Second Thots

Sometimes one has to step back, take pause, and have some "second thots"

Tuesday, May 15, 2007


David Radler and Conrad Black

I wrote the following comment on a legal blog. I'm not sure if it's going to be posted, so I decided to cut and past it here as well. It's a basic question pertaining to the Conrad Black trial. Answering it would help me understand this trial a lot better than I do now.

Here is the question:

There's something about this trial that I don't get. Maybe someone can help clarify it for me.

My understanding is that the basic crime here is one of taking non-compete payments without approval from the company.

Those payments did take place. Yet it's the contention of the defence that only Radler committed the crime.

How does that wash, if all the accused received the payments?

In other words, where is the illegality, and can only Radler be responsible for it?

I hope that makes sense.

The trial is determining whether or not the payments were illegal. The payments were approved and signed by the Board of Directors. The prosecution is trying to say they hid this from them, when really they stamped their approval on them.


Well, the defence is saying that Radler is the one who committed the crime. How can he have done so without Black and the other defendants being a party to it?

That's where my confusion lies: Radler's complicity in all of this.

In essence, Conrad Black's freedom lies in the notion that whatever scheme there was, it was Radler's and Radler's alone.

It's a bit of a tough sell, if you ask me.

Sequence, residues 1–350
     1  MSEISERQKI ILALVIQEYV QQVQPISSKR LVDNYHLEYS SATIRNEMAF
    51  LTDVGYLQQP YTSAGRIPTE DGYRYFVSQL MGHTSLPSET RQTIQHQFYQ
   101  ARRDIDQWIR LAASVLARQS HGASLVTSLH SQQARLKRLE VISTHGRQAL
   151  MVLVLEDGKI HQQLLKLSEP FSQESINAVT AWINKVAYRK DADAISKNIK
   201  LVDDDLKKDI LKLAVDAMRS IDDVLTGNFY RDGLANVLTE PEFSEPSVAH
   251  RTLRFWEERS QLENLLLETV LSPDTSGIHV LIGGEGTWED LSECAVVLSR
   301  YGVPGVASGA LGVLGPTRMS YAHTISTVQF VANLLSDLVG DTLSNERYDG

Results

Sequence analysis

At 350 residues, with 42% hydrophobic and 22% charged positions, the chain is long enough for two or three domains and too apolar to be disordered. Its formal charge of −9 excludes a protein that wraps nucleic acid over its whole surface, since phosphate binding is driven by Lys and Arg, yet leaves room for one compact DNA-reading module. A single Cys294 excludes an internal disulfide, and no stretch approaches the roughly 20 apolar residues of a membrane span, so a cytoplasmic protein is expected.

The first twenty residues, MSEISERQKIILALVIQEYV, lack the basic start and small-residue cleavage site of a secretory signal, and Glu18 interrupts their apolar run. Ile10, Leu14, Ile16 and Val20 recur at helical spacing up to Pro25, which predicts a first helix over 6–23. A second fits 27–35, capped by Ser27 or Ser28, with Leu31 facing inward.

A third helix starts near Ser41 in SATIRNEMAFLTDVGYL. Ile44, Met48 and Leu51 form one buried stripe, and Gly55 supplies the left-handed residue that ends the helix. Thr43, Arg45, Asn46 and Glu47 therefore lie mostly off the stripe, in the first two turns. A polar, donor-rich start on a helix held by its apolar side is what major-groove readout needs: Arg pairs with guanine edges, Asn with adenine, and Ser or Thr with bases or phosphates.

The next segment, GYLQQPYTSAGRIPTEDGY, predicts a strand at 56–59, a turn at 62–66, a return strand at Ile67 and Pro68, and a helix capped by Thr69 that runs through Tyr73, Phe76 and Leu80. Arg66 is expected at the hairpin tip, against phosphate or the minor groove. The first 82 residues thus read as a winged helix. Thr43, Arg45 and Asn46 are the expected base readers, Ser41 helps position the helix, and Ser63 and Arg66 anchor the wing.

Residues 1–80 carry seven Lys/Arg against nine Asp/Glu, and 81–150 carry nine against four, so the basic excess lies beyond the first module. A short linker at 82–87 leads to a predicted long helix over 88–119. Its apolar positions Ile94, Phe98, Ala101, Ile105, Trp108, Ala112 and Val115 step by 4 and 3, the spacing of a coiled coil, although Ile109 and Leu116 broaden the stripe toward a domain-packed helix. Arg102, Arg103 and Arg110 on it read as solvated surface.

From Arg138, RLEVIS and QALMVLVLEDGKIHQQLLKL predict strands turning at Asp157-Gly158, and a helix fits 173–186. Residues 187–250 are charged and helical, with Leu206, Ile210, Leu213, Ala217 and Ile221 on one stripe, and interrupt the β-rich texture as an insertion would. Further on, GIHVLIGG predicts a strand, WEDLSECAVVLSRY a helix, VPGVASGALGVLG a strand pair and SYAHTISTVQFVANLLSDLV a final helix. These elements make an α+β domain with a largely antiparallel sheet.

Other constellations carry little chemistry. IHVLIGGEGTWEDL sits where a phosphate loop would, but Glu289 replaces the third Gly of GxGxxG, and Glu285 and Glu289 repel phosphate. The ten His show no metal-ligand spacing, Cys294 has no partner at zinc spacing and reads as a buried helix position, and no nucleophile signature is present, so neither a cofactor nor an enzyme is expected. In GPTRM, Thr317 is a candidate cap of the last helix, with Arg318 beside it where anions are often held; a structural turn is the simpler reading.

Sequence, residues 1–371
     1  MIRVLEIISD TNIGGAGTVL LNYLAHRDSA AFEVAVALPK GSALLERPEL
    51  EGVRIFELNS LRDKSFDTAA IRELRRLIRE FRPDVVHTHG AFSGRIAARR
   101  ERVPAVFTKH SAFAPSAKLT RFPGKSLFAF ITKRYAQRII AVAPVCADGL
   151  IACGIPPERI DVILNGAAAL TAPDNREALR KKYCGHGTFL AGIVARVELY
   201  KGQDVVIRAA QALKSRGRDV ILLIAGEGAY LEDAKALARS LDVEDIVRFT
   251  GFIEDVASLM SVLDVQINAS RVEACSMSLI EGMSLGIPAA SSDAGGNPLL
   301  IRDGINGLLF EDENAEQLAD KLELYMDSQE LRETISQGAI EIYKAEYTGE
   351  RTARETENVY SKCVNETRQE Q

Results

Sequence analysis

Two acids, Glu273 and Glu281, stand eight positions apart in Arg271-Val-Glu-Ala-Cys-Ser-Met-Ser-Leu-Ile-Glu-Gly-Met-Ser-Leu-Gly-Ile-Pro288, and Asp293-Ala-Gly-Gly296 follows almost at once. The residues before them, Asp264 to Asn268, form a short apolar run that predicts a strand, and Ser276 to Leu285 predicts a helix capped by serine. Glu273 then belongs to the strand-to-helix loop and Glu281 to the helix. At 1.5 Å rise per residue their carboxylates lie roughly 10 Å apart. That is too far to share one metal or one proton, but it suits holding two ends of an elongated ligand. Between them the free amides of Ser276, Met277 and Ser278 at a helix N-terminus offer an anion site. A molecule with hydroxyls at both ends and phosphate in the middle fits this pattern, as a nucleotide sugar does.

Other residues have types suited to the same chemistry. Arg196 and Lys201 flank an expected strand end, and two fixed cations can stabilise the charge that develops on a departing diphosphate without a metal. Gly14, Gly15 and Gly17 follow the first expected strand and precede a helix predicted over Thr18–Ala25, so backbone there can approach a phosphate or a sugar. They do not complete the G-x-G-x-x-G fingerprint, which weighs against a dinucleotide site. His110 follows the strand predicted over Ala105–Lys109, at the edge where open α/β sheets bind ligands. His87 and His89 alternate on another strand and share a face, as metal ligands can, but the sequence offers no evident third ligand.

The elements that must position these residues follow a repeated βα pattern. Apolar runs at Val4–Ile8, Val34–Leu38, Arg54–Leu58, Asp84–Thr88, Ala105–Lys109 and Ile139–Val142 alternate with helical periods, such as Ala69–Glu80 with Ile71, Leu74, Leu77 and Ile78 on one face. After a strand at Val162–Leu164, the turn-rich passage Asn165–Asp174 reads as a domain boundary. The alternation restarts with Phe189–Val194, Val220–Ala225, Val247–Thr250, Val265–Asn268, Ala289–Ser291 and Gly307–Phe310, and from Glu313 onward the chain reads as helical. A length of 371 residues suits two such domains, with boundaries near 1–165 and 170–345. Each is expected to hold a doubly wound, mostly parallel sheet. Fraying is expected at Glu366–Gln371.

It is not a crime to take a non-compete payment that has been authorized by the board of directors of the company. At issue is whether the board of directors was appropriately informed by the management that the non-compete payments were going to the them. They are now defendents. The problem is that Radler has confessed to the crime of misleading the board about the payments and he says all the defendents knew about it and acted in the same manner with the same intent as he did. Black et al say that they didn't try to mislead the board and that the evidence shows this: 1. there are dozens of financial statements, reports, and filings distributed to the SEC and the public shareholders with the information about the payments clearly stated in them. Did the board read them - they say they didn't - they skimmed the documents and signed them which is probably true. It would impossible to prove fraud if Radler wasn't a Rat and said they all tried to hide them when it was his intent to defraud the board. 2. Radler is the real criminal and, appropriately, he is going to jail. Is Black? I believe the trial is attempting to determine if Black et al knew the board was being deceived. It appears that Black agreed to the non-compete payments (as you would if you were busy in London and Paris) and we are talking about a lot of tax free money, and left it to Radler to deal with. Being a creepy criminal he did try to slip them under the door because he practically invented the concept years ago at Hollinger and he knew you would have to sell it and it wouldn't be easy. However, because Black isn't a complete idiot, and actually knows how to run a company, he had the payments passed by expensive Canadian legal counsel who approved them. Would you commit a crime and then ask a $400 per hour legal expert to tell you that you had just committed a crime? That's why Black has been protesting his innocence so loudly. He really feels he did not commit a crime. He certainly didn't sit down with Radler one day and say let's rip everybody off and it's kind of risky but we could get away with it if we're lucky. He may be convicted - it would be an injustice - but his real problem is having tied himself up so tightly over the years to a criminal like Radler.


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